The wheels of government can grind slowly at times. It took some 15 years of back-and-forth political infighting for Japan to legalise casino gambling, as the parliament did in December 2016. But it will still be at least five years, experts say, before you will be able to place blackjack and roulette bets in a Japanese casino.
Japan is not a stranger to gambling. Games of chance, especially card games, were popular with ancient nobility five hundred years ago. The average Japanese citizen had neither the time nor the money to indulge the vice. When Portuguese sailors arrived in the islands in 1549 they brought with them a simplified 48-card European deck and simpler card games. These made gambling quicker and more accessible and betting became so popular among Japanese citizens that gambling on card games was banned when Japan closed its doors to the West in the 1600s.
Lotteries, which began appearing about the same time, were still available for a couple of hundred years before being shut down in 1842. After World War II, the Japanese government re-started the nationwide lotteries known as Takarakuji, or “treasure lottery.” The funds raised went into government coffers but today are distributed to charitable organizations.
In the meantime gambling in Japan had passed the nation’s Criminal Code in 1907 that restricted legalised gambling only to horse and bicycle racing. Later, motorboat and motorcycle betting were sanctified, as well. More comprehensive anti-gambling laws were passed in the 1990s in an effort to thwart organized crime.
Although opportunities to bet are limited, an estimated three million Japanese citizens are said to be addicted to gambling. The most visible culprit in the anti-gambling debate are Pachinko parlors where pinball-like machines draw thousands of patrons daily. Since gambling for cash is illegal, pachinko players swap their winnings for tokens which are exchanged for cash away from the parlor. Japan has far and away the most gaming machines in the world – more than 60 percent of all electronic gaming machines manufactured.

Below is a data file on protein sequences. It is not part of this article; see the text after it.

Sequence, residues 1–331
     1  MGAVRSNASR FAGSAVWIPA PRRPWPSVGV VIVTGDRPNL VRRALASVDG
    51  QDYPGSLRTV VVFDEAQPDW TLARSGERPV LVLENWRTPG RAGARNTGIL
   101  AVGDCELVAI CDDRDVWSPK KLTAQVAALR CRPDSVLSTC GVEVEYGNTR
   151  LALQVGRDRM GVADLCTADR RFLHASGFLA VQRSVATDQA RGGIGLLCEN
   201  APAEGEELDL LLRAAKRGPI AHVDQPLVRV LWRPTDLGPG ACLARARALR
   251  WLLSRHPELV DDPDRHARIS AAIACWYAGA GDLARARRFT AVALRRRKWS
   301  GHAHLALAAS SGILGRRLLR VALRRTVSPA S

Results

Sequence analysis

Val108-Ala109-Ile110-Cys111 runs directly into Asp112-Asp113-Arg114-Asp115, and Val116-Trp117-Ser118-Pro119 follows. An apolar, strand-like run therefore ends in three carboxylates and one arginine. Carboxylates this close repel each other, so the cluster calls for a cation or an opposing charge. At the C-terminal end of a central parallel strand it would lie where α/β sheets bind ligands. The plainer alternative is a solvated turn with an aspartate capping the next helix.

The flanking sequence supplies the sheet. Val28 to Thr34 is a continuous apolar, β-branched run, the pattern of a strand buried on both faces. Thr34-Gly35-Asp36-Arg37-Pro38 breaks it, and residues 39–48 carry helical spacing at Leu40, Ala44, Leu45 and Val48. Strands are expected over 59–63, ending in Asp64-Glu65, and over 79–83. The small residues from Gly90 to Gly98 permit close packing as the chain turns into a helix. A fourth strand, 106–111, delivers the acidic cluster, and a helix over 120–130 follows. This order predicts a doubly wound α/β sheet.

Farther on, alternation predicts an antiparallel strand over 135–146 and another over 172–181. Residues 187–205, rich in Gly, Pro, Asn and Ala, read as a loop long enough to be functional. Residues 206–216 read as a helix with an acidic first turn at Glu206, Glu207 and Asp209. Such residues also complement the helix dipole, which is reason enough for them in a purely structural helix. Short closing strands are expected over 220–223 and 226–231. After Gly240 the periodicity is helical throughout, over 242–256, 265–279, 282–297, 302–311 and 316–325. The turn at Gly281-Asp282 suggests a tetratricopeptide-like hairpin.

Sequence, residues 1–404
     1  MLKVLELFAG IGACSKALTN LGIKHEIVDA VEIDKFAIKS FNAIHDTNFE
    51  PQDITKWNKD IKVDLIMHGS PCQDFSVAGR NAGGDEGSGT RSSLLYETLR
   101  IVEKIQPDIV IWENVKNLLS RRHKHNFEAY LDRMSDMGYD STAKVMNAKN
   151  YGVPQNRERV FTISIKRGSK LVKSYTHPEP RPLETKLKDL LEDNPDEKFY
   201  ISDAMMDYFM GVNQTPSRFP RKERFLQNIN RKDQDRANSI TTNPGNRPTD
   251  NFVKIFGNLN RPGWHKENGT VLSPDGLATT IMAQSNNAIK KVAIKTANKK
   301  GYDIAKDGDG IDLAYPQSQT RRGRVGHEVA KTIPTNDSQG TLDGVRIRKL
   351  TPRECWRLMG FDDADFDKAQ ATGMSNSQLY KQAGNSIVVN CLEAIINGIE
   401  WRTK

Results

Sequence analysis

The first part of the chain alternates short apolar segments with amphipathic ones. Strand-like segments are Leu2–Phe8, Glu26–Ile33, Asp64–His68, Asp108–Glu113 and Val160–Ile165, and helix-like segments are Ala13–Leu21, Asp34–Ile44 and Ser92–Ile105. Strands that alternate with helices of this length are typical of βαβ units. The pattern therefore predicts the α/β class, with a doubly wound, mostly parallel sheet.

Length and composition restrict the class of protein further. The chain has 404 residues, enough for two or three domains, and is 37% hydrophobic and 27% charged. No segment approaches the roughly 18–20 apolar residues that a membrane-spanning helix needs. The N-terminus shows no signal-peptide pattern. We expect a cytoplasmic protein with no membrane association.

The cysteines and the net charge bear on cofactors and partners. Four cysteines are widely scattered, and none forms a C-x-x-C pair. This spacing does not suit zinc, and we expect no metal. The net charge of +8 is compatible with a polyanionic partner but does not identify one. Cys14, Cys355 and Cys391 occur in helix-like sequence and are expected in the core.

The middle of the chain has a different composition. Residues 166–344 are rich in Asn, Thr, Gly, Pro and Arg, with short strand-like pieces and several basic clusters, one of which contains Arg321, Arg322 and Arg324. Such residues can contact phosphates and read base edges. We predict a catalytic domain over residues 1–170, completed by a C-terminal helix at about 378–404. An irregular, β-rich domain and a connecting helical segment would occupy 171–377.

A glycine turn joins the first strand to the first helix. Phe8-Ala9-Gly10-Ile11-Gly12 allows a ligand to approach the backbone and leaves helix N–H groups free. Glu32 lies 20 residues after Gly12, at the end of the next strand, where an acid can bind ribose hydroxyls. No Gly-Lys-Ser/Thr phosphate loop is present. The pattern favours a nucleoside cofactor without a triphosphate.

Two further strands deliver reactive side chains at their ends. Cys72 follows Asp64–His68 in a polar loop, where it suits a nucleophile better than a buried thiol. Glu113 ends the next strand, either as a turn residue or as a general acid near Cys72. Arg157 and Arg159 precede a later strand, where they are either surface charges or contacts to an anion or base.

The quasi-legality of betting on games like Pachinko has raised concerns in Japan over money laundering, in addition to gambling addiction. As a result, some polls showed support for casino gambling in Japan to be as low as 12 percent. Nonetheless, the lure of tourism dollars and revenue from casinos finally carried the day for legalised casino gambling. Industry insiders consider Japan to be the world’s most lucrative casino market.
To soften the introduction of legalised casino betting, the gambling floors will be incorporated into hotel-shopping-conference centers. Before licenses are awarded and ground broken, however, additional legislation will be required to address such details as taxation, organized crime, and education in gambling addiction. Gambling proponents had hoped to have casinos open in time for the 2020 Tokyo Olympics but that will not happen.
In fact, Tokyo is not even being viewed as the most desirable location for the first Japanese casinos. Rather it is Osaka and Kansai that is being touted as the prize for casino developers. It is thought the smaller city can be better shaped as an entertainment destination, as Las Vegas is to Los Angeles. The industry’s biggest casino operators are working behind the scenes to make their cases for the first Japanese casino licenses and it will not be a surprise if those first bets are placed in Osaka.